November 26, 2010 § 3 Comments
Bodoni Museum, Parma, Italy
Date of Visit: Early October, 2010
Address: Biblioteca Palatina – Strada alla Pilotta, 3 – 43100 Parma – Italia |
Our trip to the Bodoni Museum was a wonderfully rich and relaxing experience, partially due to our being the only visitors present and the lovely staff. The museum is not freely open to the public but access can be obtained by advanced request—in our case it was organized through fax. (It required dredging up old Italian skills honed during an apprenticeship under Nino Caruso in Rome plus a good dash of Babelfish).
It is made clear that you will be on your own, that all materials are in Italian and that the lunch hour closing is a principal consideration in scheduling the visit. A list of Italian-English interpreters was offered but we felt we could manage on our own.
The museum is located deep within a massive building housing the Biblioteca Palatina. You are met at the door and ushered up a tiny elevator to the Bodoni floor. Walking through the staff office you arrive in the exhibition hall, a high-ceilinged space ringed by showcases of Bodoni’s work arranged in chronological order. Actually the first few showcases cover printing history pre-Bodoni, full of original and facsimile examples, wonderfully instructive for school visits.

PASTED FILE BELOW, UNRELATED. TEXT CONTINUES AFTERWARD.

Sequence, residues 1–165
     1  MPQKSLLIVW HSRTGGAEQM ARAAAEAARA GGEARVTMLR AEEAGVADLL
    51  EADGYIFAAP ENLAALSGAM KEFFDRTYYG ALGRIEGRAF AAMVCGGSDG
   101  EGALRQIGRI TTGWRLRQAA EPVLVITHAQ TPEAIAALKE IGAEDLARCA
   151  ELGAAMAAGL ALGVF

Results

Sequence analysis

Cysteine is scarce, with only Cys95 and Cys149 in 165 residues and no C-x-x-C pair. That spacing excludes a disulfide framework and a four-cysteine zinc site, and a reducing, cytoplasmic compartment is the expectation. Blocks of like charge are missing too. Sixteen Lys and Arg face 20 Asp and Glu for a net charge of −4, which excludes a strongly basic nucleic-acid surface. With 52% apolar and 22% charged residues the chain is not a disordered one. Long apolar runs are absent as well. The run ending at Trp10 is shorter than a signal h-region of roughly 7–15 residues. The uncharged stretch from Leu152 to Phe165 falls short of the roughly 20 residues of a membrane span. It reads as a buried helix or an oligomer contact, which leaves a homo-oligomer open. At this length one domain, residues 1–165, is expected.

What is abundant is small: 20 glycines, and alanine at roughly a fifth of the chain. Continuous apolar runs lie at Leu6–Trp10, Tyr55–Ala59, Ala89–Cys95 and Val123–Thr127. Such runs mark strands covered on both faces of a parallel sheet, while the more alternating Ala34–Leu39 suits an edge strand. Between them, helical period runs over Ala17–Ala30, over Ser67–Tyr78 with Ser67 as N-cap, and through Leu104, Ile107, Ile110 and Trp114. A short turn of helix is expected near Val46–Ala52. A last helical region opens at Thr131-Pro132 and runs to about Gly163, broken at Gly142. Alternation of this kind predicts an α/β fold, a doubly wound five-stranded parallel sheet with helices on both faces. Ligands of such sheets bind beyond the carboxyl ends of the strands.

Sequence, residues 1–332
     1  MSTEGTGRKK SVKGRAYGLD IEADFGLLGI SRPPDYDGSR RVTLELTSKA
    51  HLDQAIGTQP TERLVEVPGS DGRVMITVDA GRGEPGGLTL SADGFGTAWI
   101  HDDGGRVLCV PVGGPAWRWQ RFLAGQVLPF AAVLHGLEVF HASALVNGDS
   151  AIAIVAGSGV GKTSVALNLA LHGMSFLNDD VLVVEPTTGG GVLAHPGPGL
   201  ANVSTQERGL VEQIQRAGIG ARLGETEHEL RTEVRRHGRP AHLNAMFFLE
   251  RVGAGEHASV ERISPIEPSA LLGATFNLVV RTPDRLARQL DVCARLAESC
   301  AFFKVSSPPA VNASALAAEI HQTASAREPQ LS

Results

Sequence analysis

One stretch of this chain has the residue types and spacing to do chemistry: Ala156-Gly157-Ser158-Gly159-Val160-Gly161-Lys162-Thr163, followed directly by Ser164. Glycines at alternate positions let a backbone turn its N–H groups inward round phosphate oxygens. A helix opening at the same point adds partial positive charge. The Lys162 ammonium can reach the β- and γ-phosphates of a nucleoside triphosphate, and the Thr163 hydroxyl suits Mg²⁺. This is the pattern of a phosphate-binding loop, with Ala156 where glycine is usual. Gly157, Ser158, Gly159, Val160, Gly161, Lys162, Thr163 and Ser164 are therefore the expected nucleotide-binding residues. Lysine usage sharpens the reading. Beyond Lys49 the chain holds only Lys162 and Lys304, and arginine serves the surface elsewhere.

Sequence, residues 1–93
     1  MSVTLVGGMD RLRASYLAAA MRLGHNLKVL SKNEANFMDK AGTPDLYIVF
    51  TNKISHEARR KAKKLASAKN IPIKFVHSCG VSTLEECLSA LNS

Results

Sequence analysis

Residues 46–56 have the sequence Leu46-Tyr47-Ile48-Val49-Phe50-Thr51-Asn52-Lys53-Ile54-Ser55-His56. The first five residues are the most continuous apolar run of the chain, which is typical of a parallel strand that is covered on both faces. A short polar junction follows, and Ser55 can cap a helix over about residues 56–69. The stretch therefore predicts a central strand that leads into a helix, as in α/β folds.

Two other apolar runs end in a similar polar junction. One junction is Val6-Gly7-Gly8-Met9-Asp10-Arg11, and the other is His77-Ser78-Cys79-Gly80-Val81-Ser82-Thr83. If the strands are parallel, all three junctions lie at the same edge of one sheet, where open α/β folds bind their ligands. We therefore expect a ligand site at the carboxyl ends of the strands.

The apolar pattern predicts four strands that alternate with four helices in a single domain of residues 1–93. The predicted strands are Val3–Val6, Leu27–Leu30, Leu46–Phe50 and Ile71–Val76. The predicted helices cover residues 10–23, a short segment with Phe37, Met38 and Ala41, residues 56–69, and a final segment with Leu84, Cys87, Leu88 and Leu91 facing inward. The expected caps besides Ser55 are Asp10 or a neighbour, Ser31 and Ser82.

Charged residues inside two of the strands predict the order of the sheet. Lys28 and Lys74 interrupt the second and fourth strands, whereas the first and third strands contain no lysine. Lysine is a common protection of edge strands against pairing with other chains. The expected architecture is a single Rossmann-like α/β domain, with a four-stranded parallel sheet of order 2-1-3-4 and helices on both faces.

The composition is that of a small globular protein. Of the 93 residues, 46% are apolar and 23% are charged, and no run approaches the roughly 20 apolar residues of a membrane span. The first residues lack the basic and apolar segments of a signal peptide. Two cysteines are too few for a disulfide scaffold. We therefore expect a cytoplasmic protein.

The center aisle holds vitrines full of the type making equipment, the tools for punchcutting, molds and Bodoni’s sketches. There is also a full-scale printing press of the ilk Bodoni would have used. On the wall above the cases were a series of handsome large instructive posters describing the various classifications of type.
We were there not only to see Mr. Bodoni, but also to see what we could learn of Mrs. Bodoni, Signora Paola Margherita Dall ‘Aglio, who printed the Manuale Tipografico after Bodoni’s death and ran the printing office for an additional 20 years. Widows frequently inherited their husband’s presses and in some cases, as Mrs. Bodoni did, assured their spouse’s place in history by completing their work. As would be expected she was “highly cultivated, and a most amiable and excellent woman.”
Unfortunately for us, information about her had been removed in preparation for the October 15th Congress of Printing Museums. Regardless the final cases displayed books with her name on the title page as publisher. The words La Vedova (Italian) and La Veuve (French) meaning widow.We spent the entire morning uninterrupted as our non-designer companion dozed off some jet lag on a side bench. His reward was a deliciously slow lunch at a local bistro including Parma ham appetizer, pumpkin ravioli and a bottle of Barollo.
Written by N. Stock-Allen